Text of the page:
Once the assessment is done, then the Governance or Board Resource Committee, assess the Board needs: In what areas is the board lacking? What types of people should be recruited for the board? Does the board need more people with marketing skills, fundraising ability, program expertise, etc? Board members should never be recruited simply because they are a friend, relative or co-worker of another board member.
Next, a position description must be in place before recruiting board members. This description must clearly outline the responsibilities of the board, including a commitment to financially support the organization. This position description, along with other pertinent organizational information such as bylaws, a list of current board members, program information, and a list of board meeting dates etc., should be put into a board recruitment packet.
Board recruitment, like major donor fundraising, must be given proper attention. A team of people, usually someone from the Board Resource Committee and the Executive Director, meet with potential board members in person and begin the process of involving them in the organization’s mission right from the beginning. Nonprofits in general, and specifically arts groups, often do not make expectations of board members clear up front, resulting in an inactive and/or ineffective board.
Inspiring Board Members
Most board members really do want to help their organization, but when it comes to fundraising, often feel they just don’t know how. Staff needs to be able to inspire and motivate board members to get involved. One good way to do this, according to Kurt Mische, is to convince them that there is a compelling case for the arts. Mische suggests a brainstorming exercise at a board meeting whereby board members are asked to list all the advantages of the arts, and then more specifically the things their organization provides to the community. Mische further suggests that once these advantages are listed, in addition to being included in the case for support for the organization, be printed on a card that easily fits into the wallet of board members for future reference. Another method some organizations have tried is including their board members in a half day workshop to develop the case for support.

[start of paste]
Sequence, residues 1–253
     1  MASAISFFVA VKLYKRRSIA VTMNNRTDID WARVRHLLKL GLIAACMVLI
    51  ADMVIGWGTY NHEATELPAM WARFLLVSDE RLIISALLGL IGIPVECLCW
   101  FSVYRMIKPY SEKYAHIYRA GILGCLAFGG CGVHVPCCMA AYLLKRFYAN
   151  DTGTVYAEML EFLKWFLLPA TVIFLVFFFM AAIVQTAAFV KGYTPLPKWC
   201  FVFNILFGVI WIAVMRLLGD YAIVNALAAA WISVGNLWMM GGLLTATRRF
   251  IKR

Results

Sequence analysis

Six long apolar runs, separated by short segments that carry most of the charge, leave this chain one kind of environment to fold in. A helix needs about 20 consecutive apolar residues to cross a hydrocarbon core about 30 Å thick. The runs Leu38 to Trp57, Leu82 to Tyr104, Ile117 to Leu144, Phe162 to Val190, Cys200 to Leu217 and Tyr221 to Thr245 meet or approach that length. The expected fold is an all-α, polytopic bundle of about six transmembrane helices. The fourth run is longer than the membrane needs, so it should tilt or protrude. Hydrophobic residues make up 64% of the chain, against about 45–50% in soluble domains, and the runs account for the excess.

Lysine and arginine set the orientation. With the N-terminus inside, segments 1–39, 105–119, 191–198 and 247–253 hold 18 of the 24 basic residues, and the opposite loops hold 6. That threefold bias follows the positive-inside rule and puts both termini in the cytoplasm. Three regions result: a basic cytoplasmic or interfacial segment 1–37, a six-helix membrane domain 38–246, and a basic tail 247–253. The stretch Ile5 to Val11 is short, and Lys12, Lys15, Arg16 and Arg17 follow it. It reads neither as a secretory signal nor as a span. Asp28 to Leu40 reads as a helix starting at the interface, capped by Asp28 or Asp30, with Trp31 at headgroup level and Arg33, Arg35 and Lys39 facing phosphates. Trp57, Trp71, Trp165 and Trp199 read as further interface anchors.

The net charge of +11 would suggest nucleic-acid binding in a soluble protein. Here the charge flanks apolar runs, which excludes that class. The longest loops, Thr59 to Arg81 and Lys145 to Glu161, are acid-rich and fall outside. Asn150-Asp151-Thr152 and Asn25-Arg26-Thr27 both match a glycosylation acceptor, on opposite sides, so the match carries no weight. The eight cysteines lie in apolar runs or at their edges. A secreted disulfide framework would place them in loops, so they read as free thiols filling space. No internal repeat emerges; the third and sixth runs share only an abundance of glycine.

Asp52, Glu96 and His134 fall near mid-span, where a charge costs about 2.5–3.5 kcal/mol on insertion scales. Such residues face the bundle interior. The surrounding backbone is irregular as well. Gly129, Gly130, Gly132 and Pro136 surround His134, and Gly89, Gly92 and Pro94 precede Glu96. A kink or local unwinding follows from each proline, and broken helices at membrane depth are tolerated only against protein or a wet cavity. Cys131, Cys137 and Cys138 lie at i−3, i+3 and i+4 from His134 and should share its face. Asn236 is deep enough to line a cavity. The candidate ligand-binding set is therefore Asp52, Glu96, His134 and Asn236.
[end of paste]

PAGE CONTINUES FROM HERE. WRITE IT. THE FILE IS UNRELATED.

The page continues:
Having a staff member, volunteer or program recipient speak at every board meeting about an aspect of the organization’s program can be another good method of reminding the board of the organization's mission.
Board members also can be involved in brainstorming for fundraising prospects. Some organizations make the mistake of asking all board members to “bring in fifteen names,” and then wonder why no one completes their “assignment.” Most people work better in a group setting; spend twenty minutes at a board meeting, brainstorming for potential donors. This list can then be refined and evaluated for potential support. Becoming a part of the organization’s fundraising efforts will make board members feel a part of the mission. Provide training for board members on how to make an ask, and get board members involved in team solicitations. There is nothing more inspiring to board members than knowing they can be successful at fundraising. Just watch and see the response when one reports at a board meeting on a successful fundraising call they’ve made.
Ken Beaton, of the Children’s Museum of Northern Nevada, brought in a consultant to lead a board workshop on strategic planning and fundraising. Ken says, after the workshop, he “felt the board was performing more as a team as opposed to 13 separate individuals.” Strategic Planning sessions like this can go a long way towards inspiring both new and long time board members to work together for the good of the organization.
Making Board Members Accountable
Once the board is recruited, educated and inspired, remember that they need to be accountable. In establishing an annual budget and fundraising goals, the board must know that it is responsible for meeting those goals, not the staff. While the staff will plan and coordinate all fundraising activities, the board who has taken an active role in establishing goals for itself will be more accountable for reaching those goals.
One way to help assure accountability on the part of board members is to ask them to sign a pledge at the beginning of each year, stating how much they will personally give, how much they will help raise, and how many events they will attend. Marilyn Gillespie, of the Las Vegas Natural History Museum has found a good way to make her board members more accountable. Marilyn posts a large sign at all board meetings, listing which board members have bought and/or sold tables to their annual gala. Tracking their progress toward this commitment has helped board members take ownership of the fundraising program and the event, resulting in a far more successful event.
Remember that fundraising is an art and a science, and board members who have the passion for the arts organization and the skills to help with fundraising can help build a fundraising culture in any organization.